Allen “Al” Cameron will be remembered for many things, including his love of music, the passion he had for his work, and the devotion he had for his wife Yvonne.
But the flyover that closed his funeral in Moose Jaw, Sask., may become one of the lasting impressions of Moose Jaw’s last World War II veteran.
Cameron died last month at the age of 98. On Thursday, shortly after 2:30 p.m. CST, a pair of CT-156 Harvard II training aircraft flew from east to west over a gathering of Cameron’s friends and family outside the Moose Jaw Funeral Home.
The planes were from nearby 15 Wing Moose Jaw, the Royal Canadian Air Force (RCAF) aircrew training centre.
“I think we did a good job firing Mr. Al Cameron,” said Chief Officer Marlene Shillingford, the officer in charge of 2 Canadian Air Divisionwho oversees 15 Wing Moose Jaw, after the ceremony.
“That was an opportunity for 15 Wing to thank him for everything he has done over the years for the wing.”
Cameron was born in Saskatoon in 1925 and joined the RCAF in 1941.
He moved to Moose Jaw, where he completed his basic training. Although Cameron dreamed of being a pilot, a color deficiency in his vision prevented him from achieving that goal.
But that didn’t stop Cameron from answering the call of duty. He became an airframe mechanic and in 1944 was sent to Italy and Great Britain, where he worked on airplanes during World War II.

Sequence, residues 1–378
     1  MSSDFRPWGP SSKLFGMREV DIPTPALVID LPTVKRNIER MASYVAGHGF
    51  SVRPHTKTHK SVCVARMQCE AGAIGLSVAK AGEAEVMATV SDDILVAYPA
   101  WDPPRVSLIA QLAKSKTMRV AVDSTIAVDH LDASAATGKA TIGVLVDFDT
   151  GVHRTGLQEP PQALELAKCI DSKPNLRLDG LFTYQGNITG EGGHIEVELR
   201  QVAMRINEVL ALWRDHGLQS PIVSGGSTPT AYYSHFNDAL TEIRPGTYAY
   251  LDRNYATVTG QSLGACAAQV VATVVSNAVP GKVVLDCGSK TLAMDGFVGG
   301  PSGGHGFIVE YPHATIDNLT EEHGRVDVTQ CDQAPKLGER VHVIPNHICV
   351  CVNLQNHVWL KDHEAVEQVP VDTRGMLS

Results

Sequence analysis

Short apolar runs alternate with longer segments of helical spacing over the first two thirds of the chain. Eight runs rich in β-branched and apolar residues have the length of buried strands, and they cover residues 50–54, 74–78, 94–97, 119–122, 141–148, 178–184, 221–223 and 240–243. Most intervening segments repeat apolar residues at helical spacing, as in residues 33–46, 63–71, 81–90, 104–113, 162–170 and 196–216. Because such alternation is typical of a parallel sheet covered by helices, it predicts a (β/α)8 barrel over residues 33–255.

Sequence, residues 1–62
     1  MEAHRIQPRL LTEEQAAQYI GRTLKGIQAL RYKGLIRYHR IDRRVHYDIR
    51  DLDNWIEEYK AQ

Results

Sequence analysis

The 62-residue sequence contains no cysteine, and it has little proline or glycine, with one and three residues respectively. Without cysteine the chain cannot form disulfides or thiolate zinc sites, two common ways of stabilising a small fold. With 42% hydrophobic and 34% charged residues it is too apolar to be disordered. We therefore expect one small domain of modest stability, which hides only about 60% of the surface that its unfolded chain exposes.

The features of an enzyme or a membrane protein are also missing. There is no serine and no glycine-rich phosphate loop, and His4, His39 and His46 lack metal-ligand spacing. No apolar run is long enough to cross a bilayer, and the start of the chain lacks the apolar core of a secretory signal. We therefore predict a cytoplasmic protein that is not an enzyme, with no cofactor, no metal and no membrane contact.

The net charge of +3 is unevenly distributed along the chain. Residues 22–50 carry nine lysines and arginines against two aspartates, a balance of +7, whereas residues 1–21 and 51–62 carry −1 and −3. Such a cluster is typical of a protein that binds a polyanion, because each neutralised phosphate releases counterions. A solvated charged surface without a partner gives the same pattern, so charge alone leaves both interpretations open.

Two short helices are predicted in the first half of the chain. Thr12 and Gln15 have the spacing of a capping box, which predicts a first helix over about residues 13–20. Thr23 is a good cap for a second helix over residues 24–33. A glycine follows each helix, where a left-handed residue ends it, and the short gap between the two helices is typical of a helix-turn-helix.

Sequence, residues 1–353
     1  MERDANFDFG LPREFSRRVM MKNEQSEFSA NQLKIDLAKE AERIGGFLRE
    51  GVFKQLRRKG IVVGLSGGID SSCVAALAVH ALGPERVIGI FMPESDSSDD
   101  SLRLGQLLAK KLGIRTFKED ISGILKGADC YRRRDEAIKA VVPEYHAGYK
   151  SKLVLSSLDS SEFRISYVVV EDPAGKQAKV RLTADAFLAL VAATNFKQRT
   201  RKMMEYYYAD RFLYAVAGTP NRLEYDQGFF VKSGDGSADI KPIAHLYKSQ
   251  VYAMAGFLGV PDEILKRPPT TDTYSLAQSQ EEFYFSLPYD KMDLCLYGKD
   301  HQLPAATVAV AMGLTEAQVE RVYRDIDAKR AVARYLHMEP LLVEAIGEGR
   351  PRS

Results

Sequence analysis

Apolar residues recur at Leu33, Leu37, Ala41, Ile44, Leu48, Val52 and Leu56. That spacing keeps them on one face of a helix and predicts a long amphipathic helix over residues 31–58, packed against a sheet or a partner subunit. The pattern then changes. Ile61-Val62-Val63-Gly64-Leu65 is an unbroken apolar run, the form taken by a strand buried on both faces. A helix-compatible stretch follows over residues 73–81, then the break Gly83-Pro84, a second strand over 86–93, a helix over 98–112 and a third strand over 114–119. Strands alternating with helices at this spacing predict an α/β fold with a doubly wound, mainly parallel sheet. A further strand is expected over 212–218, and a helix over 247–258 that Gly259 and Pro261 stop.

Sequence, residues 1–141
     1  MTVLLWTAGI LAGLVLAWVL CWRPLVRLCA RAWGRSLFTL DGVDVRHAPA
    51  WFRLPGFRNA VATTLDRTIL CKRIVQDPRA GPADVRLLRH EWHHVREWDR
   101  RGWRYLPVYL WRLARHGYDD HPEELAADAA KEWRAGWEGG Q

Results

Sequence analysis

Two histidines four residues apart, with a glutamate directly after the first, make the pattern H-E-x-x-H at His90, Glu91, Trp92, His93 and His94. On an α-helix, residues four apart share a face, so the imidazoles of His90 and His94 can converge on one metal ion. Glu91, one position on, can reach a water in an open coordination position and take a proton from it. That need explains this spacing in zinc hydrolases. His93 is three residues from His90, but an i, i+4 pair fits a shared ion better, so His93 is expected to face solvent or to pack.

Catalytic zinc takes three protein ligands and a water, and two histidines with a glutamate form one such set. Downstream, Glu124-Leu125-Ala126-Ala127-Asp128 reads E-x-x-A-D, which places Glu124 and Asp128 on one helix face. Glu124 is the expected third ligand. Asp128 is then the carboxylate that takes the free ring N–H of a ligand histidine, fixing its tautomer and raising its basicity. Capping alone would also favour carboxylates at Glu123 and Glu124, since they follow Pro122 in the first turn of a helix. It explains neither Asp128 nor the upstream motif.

Cameron’s son Brett said his father loved his job and couldn’t stay away from it.
“He tried civilian life and didn’t like it,” Brett said. “He did it for about six months and then he got tired and went back to the army.”
Cameron would eventually retire, but stayed in Moose Jaw. As he grew older, the commitment to the Royal Canadian Air Force did not disappear.
Shillingford said 15 Wing Moose Jaw made sure to integrate him into the base and invite him to events.
“Last year we invited him to put the wings on a new graduate,” he said.
Brett said the people on the base gave his father something special by taking him under their wing when his family couldn’t visit him during COVID-19.
That’s why the flyby meant so much to Cameron’s family.
“It was emotional and, you know, it brought tears to my eyes,” Brett said.
Cameron’s final message to his family and friends was: “Be happy for me. I have had a long and wonderful life and I look forward to being reunited with Yvonne, ‘Twinkle’. I couldn’t ask for more.”